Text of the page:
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Dec 19, 2010 06:57 AM

Best Venison / Moose Recipes

Now that the hunting season is nearly over, and (hopefully) your freezer is full from your hard labor (or some other hunter's generosity), I'd like to hear about your favorite recipes for venison and moose. All cuts from roasts, to steaks, to stew, to ground.

As a starter, attached is an amazing regional Canadian meat pie recipe from Quebec.

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  1. Poppi’s Famous Tourtierre

    1 lb ground Pork
    1 lb ground Venison
    1/2 teaspoon salt
    1/4 teaspoon pepper
    1 onion, minced
    2 small cloves garlic, minced
    1 teaspoon ground summer savory
    1/8 teaspoon ground cloves
    1/8 teaspoon ground cinnamon
    1 cup water (enough to just start showing through the meat in the pan)
    1/2 cup herbed Italian bread crumbs (plain bread crumbs are OK too)
    Option : add finely diced par boiled carrots, par boiled potatoes, and / or peas to meat mixture.

    Brown meat in sauté pan and season with salt and pepper, remove meat and drain fat. Sauté onions and garlic in butter for a minute, return drained meat, and add spices. Add water and quickly bring to a boil. Cover, reduce heat and simmer until the meat is tender, about 20 minutes. Remove the lid, stir in the breadcrumbs, and continue cooking uncovered until the liquid has evaporated but meat is still nice and moist (add a little water if mixture is too dry). Check the seasonings.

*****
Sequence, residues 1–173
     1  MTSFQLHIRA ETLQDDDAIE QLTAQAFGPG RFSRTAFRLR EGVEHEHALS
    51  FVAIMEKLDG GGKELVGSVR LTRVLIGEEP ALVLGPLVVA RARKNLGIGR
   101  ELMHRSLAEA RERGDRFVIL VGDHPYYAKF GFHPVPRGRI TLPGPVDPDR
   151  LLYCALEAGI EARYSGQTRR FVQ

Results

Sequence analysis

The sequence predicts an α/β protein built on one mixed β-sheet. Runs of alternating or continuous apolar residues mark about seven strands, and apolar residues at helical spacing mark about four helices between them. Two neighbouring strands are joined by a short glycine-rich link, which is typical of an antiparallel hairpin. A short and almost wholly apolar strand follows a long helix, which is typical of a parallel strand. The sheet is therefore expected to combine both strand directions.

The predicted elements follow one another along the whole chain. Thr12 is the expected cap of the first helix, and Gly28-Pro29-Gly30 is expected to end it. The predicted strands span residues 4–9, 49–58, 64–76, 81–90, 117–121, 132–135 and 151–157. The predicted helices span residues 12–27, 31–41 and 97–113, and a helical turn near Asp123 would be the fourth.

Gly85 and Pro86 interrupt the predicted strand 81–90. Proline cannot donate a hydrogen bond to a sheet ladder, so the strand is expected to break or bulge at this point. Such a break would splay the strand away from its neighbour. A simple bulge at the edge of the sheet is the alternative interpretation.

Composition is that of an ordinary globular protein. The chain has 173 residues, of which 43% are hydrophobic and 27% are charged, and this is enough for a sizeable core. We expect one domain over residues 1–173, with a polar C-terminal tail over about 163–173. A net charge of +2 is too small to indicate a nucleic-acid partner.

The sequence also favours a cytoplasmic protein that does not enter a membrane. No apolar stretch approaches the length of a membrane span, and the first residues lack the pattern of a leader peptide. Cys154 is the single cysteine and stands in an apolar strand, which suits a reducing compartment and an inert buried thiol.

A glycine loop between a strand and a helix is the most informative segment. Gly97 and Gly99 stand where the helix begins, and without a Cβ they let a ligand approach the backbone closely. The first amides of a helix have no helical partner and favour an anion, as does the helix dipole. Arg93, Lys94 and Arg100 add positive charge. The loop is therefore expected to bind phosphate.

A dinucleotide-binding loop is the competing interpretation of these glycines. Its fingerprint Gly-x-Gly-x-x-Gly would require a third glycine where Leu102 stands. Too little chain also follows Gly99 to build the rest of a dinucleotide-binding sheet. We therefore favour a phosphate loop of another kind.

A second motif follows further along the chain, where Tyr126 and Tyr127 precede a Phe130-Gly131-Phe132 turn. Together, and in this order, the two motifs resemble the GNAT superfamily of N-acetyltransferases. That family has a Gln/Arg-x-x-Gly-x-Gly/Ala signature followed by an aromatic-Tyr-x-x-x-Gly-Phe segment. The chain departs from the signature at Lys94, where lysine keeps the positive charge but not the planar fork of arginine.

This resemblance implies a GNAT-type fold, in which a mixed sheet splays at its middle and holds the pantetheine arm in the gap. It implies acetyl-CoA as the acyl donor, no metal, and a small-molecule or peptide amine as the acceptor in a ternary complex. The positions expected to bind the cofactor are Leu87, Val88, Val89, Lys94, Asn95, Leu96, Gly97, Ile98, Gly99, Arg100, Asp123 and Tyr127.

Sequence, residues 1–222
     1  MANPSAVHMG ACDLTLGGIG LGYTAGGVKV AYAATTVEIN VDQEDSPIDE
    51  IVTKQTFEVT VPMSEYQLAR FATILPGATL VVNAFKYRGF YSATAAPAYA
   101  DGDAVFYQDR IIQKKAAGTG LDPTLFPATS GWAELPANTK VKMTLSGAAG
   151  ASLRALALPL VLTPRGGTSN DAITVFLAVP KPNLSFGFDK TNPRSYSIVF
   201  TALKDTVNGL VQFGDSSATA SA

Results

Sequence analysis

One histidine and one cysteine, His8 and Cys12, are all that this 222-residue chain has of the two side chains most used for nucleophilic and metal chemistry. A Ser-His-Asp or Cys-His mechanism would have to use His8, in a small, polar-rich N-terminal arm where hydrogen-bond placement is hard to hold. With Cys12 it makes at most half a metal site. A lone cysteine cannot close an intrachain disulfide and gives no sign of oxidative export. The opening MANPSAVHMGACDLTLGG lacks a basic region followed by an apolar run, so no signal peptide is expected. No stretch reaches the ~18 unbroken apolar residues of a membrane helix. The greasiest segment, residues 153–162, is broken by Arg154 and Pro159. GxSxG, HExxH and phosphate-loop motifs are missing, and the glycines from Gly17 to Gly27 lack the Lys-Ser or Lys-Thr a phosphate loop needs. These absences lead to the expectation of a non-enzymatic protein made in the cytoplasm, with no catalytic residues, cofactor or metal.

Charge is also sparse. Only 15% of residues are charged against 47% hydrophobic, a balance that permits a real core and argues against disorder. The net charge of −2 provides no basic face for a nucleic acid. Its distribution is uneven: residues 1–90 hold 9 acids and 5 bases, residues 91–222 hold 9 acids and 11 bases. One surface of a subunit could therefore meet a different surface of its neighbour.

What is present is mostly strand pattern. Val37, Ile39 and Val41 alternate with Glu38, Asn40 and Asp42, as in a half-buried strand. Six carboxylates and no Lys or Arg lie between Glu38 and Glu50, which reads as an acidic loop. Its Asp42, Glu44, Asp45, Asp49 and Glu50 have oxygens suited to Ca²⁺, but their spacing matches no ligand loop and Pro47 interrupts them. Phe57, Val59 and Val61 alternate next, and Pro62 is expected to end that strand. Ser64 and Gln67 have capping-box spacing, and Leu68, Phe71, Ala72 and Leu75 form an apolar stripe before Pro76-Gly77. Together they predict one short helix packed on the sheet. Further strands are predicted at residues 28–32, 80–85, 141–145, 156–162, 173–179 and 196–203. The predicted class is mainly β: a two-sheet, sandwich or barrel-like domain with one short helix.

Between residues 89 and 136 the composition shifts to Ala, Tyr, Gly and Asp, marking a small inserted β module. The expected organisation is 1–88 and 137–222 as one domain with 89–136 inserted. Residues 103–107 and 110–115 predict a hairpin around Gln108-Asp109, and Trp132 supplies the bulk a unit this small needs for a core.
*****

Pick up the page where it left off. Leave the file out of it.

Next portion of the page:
Cool then put mixture into an uncooked pie shell.

    Brush pie crust rim with egg wash, top with pie crust, and seal edges. Brush top with egg, make a few small holes in top crust for steam, and bake at 425°F for 20- 30 minutes or till crust is golden brown and center is hot.

    Serve with small side bowls of mustard and chili sauce.

    Serve with mashed potatoes and green beans.

    Note : use amounts shown of cinnamon and cloves for your first time since they are strong flavors. Add more spices next time if desired.

    3 Replies
      1. re: PoppiYYZ

        I'm glad to have this, we have a freezerful of elk. The elk burger is already "cut" with beef fat from the butcher. I wonder if this would change the amount of pork used? I'll be safe, and nuke some little mini burgers to experiment.
        Thanks for the warning about the spices.

        1. re: blue room

          I think Tourtierre it would be great with Elk! Any game meat will do. I've only had elk a few times and loved it.

          As far as the amount of pork is concerned, a "triple mix" of elk, beef, and pork would be great at 1/3 each. If you don't know the beef percentage, any amount of pork from 1/4 to 1/3 would be fine.

    1. Having grown up on moose, elk and deer (my dad was a hunter) I have come to appreciate game much more as an adult. As kids our meat was unfortunately cooked until beyond well done! However, now, when I see game on menus in restaurants I am all over it. My favourite cuts of moose tend to be roasts and steaks. As they are lean you can use caul fat, bacon, pancetta, etc. I like to soak the meat in buttermilk to remove some of the extra gamey flavour. The meat is excellent medium rare - seared, grilled, etc. Marinades and brines are lovely, too, with juniper berries, rosemary, etc.